Makes for a great lesson if you want to find a fresh new way to bring infrastructure and the agentic role of nonhumans into the classroom in a way that is, to my mind, far better to the early discussions that Latour made about stop signs or door hinges.

This May Be the Best “Acknowledgments” Section of All Time

Most Honest Acknowledgements Section I’ve Seen

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This morning I finally made it to the book exhibit at the annual meeting of the American Historical Association in Atlanta.  (More on that in a later post). While browsing at the Oxford University Press booth I came across Brendan Pietsch‘s Dispensational Modernism.   

I met the author of this new intellectual history of American Protestant fundamentalism a few years ago at an event sponsored by the Louisville Institute.  At the time I think he was still working on his dissertation at Duke University.

When I picked up his book and turned to the Acknowledgments this is what I found:

Pietsch

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Pankaj Sekhsaria is Joining Us!

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Pankaj Sekhsaria, our most recent guest blogger, has agreed to join us for the long-term. 

Pankaj is a doctoral candidate from Maastricht University Science and Technology Studies. He just gave us a great piece on indigo, cotton, and dying infrastructure. You might recall mention of research on jugaad, but Pankaj’s work is so much more than that. If you review the academia.edu page, then you’ll see a substantial amount more about jugaad, including an engaging and well-read newspaper piece about the topic,  along with a piece in Current Science, India’s leading science journal, and there is also a chapter is an edited volume that is worth the read. Pankaj is also author of The Last Wave, a novel that is engrossing — I’m learning — and that was well-received on the topic of deforestation and, I think, finding meaning in a world ravened by capitalism’s insufferable appetite.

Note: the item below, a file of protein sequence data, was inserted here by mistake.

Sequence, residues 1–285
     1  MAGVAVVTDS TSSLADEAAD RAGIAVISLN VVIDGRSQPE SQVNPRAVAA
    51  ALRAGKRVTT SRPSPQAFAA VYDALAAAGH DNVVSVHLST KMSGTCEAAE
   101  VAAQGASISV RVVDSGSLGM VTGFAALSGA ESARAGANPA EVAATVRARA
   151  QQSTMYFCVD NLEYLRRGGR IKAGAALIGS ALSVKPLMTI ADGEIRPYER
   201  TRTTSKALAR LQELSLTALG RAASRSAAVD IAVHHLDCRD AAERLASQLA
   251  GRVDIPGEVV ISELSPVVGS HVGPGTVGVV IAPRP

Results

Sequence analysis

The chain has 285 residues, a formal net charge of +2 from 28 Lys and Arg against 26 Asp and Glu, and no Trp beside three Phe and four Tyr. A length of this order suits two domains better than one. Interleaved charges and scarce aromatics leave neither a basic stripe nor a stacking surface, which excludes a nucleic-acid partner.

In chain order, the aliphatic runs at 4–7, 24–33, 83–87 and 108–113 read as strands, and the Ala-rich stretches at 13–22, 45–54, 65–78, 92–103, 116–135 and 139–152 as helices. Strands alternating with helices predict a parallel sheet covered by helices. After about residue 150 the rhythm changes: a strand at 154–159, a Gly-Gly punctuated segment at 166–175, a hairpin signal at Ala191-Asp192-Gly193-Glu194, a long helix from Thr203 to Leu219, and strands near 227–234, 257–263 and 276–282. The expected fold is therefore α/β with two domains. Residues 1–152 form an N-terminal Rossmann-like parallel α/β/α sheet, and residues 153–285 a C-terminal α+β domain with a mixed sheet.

Welcome aboard, Pankaj!

Co-opting Participation Infrastructure?

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Kenny Cuppers has a cool set of papers on the rise of shared “cultural centers” in major Postwar European cities. His is the first substantive chapter in a not-yet published book, which seems tailor-made for his research line, and which acts as a kind of companion piece for his published article “The Cultural Center: Architecture as Cultural Policy in Postwar Europe.”

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Infrastructural Lives, Reviewed

Add this one to your reading list: Steve Graham and Colin McFarlane have edited a book, which has just come out, Infrastructural Lives

Contributors include AbdouMaliq Simone, Maria Kaika, Vyjayanthi Rao, Mariana Cavalcanti, Stephanie Terrani-Brown, Omar Jabary Salamanca, Rob Shaw, Harriet Bulkeley, Vanesa Caston-Broto, Simon Marvin, Mike Hodson, Renu Desai, Steve Graham, and myself.  Arjun Appaduria kindly provided a thoughtful foreword for the book.

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3:1 — Post-Neutrality — Post 2 of 3

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Neutrality is under fire, or, at minimum, “not finalized” (whatever that means), possibly, even dead. I am surprised, in light of discussions of postmodernism over the intervening decades, that we humor the metanarrative of human emancipation embedded in “net neutrality” in the first place. Continue reading

Our final 3:1 on “Post-Neutrality”

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Is neutrality over? If you’re talking about “net neutrality,” at least in the US, that case is going to appeals court (so maybe Tim Wu’s concept will not last long). If you’re talking about “political neutrality” amidst news outlets, again in the US, that bird also appears to have flown the coop (that, or the bias is so deep we cannot even tell anymore). Maybe neutrality was always something of a modern dream. Maybe it was always just a hypothetical philosophical position. Maybe only “neutral countries” Switzerland have it figured out.

A case can be made for post-neutrality, and this week, joining us, is Andrew L. Russell (Stevens Institute of Technology, arussell@stevens.edu | @RussellProf | http://www.arussell.org).

 

Latour on Paris Attacks

Latour

Latour on Paris Attacks: 

What is so discouraging about the terrorist acts is that our discussion of what motivated the operations is as insane as the acts themselves. With each attack of this nature, we restage the grand war drama, the nation in peril and the protector-state purporting to rise up against barbarity. This is what states do, we say: we should have a basic expectation of security, and the state should have the means to provide it. End of story.

But what makes the current situation so much more dismaying is that the crimes committed on 13 November have occurred within a few days of another event about to take place that involves tragedies of a different kind, ones that will require that we come up with very different answers to wholly different threats that have nothing to do with ISIS/Daech. I am referring, of course, to the World Climate Change Conference in Paris, the COP21, which we are now liable to deem less serious, less urgent than the police response to the bloody escapades of those machinegun-toting lunatics.

See the rest here and here.